Gillespie Excels in Staunton

On Thursday evening, the Ed Gillespie campaign held another gathering in the Shenandoah Valley, this time at the Holiday Inn right off of Interstate 81 in Staunton.  The advertised guest of the evening was Matt Bevin, the governor of Kentucky.  Curiously, the room was set up with a stage against the middle wall with three padded chairs and a couple of tables.  Unlike other events, I didn’t recognize a majority of the folks in the crowd.

The Commonwealth Attorney for Augusta County, Tim Martin, gave a welcome, Travis Witt, the former leader of the tea party federation, offered the prayer, and Augusta County Supervisor Marshall Pattie led the group in the pledge of allegiance.

Next, Pete Snyder, who many folks know from his 2013 run for lieutenant governor, took the stage.  After a few moments, Ed Gillespie and Matt Bevin joined him.

 

Ed Gillespie and Matt Bevin with Greene County GOP Chairman Ed Yensho

The three of them spoke amongst themselves about Gillespie’s campaign for governor as well as Bevin’s experiences as governor of Kentucky.  Afterward, they took a series of pre-submitted questions from the audience.  While this was going on, I thought of a question I wanted to ask regarding political freedom and spoke with the staffer handling such things, but, unfortunately, weren’t able to take it.

In conclusion, Governor Bevin invited all of the attendees to put a Gillespie bumper sticker on their cars as well as get their photo taken with Mr. Gillespie to which Ed Gillespie suggested that the governor ought to join in as well.

Overall, the event was well attended for a Thursday evening as pretty much every seat was filled.  Governor Matt Bevin expressed strong support for Ed Gillespie which helps bolster Gillespie’s credibility.  Snyder, Gillespie, and Bevin all added some humorous moments to the gathering.  And, perhaps most importantly, unlike their last event in Harrisonburg, several people in the crowd had an opportunity to participate in the discussion.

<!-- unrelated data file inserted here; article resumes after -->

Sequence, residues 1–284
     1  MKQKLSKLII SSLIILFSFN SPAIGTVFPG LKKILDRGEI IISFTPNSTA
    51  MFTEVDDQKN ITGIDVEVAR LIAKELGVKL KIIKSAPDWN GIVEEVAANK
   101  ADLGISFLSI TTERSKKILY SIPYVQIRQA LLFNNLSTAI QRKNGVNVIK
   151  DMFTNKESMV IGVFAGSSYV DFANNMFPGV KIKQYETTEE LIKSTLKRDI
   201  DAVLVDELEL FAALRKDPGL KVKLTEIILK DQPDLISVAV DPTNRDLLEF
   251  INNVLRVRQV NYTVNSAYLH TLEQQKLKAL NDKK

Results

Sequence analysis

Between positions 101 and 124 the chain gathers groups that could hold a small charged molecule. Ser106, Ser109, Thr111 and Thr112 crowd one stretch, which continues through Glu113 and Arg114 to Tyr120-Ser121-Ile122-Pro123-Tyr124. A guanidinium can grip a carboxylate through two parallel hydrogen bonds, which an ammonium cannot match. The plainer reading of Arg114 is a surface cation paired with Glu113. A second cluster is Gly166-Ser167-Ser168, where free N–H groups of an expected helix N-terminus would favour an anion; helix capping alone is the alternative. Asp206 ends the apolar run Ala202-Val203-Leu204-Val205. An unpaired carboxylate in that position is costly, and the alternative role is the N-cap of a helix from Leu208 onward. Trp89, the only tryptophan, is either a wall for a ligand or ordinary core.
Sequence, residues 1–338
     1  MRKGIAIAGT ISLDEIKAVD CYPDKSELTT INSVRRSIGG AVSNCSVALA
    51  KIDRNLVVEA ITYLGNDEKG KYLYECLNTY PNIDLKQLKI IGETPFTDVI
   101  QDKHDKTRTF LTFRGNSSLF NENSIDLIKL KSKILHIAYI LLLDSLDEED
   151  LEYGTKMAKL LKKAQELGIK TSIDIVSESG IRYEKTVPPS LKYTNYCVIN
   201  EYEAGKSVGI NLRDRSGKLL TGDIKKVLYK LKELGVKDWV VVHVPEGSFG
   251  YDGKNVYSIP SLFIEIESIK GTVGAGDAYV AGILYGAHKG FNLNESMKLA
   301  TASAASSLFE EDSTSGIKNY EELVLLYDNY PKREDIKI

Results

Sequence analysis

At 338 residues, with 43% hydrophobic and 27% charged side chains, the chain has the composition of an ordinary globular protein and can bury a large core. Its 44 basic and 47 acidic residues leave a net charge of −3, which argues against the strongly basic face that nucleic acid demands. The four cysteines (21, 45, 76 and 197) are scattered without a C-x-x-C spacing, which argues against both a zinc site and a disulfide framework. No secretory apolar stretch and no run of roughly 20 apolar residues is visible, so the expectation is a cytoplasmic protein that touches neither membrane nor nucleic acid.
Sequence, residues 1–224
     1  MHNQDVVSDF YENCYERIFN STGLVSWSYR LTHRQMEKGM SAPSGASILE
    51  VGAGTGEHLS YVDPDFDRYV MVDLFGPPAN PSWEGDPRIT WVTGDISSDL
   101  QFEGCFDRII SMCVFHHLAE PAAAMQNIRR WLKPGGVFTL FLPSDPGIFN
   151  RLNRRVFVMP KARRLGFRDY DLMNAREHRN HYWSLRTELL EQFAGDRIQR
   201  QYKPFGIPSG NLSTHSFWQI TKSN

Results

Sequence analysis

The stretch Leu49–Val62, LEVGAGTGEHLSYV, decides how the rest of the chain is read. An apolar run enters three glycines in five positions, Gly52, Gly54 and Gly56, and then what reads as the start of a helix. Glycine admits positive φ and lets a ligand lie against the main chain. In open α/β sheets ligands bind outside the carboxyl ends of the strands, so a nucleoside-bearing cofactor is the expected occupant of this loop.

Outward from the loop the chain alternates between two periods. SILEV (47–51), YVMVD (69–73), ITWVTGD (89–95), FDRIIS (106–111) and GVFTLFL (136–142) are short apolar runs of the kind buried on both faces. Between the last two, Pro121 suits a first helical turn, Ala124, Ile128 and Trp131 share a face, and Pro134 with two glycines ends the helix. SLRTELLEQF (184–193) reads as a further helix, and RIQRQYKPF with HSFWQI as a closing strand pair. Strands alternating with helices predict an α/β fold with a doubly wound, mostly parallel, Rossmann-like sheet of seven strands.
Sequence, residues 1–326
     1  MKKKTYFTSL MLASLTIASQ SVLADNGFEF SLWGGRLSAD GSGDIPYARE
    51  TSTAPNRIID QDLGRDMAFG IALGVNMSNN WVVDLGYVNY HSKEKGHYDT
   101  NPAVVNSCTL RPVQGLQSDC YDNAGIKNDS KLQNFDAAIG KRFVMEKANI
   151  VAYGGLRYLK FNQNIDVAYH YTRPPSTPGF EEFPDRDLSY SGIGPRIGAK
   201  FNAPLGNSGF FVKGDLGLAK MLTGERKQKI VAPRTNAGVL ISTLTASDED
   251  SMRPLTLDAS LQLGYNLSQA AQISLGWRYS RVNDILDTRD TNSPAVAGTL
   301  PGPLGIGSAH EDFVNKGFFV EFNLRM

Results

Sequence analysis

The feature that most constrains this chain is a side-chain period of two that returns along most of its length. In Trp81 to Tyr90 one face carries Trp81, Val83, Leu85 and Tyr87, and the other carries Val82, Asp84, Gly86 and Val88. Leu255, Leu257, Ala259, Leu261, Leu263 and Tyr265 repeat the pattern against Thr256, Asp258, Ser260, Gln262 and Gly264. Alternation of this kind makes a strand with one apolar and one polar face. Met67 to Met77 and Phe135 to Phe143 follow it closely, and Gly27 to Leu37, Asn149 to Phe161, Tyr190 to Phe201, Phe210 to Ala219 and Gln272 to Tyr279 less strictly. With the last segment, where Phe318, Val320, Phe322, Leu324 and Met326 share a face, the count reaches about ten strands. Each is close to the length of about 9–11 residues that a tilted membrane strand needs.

Compared to his 2014 campaign for U.S. Senate, Ed Gillespie’s campaign for governor seems significantly improved, spending more time discussing substantive issues, and bringing impressive political figures, like Kentucky Governor Matt Bevin onboard.

Freedom Gulch #19

On the evening of February 7th, Will Hammer, Andy Bakker, and I gathered online for Freedom Gulch’s 19th podcast. Topics during the hour included: Betsy DeVos and her confirmation as Secretary of Education, recent protests against Milo Yiannopoulos, Charlottesville City Council’s decision to remove the statue of Robert E. Lee from a downtown park, an eye toward the 2017 elections here in Virginia, and more.

If you missed it live, you can find it here!

Perriello Comes to Harrisonburg

On Friday of last week, I received word that former Representative Tom Perriello would be in Harrisonburg on Saturday morning, February 4th.  Mr. Perriello is one of two candidates seeking the Democratic nomination to be Virginia’s next governor.  Although I knew the time and location of the event, the Lucy Simms Center, I had no other details.

When I arrived, I discovered that it was a forum hosted by Virginia Organizing.  However, one surprising element was that it was a gathering designed specifically for deaf individuals.  As such, much on the discussion took place through sign language.  Mr. Perriello brought an interpreter with him.  Although she seemed to have no difficulty translating his words into sign language, she had a bit of trouble explaining what some of the attendees were saying.  Then again, given that much of the conversation focused on technical terms relating to the deaf community, it was understandable.  In fact, even after translation, some of the terms were still foreign to me.  Fortunately, there was another interpreter in the audience so they worked together; one translated Mr. Perriello’s comments into American sign language while the other converted the sign language into English. However, it was difficult to follow chunks of the conversation.

The event highlighted quite a few areas where deaf people face obstacles, many of which the average Virginian is likely unaware of.  But, whether intentional or not, one of the major points I drew from the gathering was that Tom Perriello seemed to advocate greater government power as a solution to many of the issues and concerns of the deaf community, although that seemed to be the message Virginia Organizing was promoting as well.

Before leaving, demonstrating his knowledge of sign language, Perriello made signs for the various letters of the alphabet.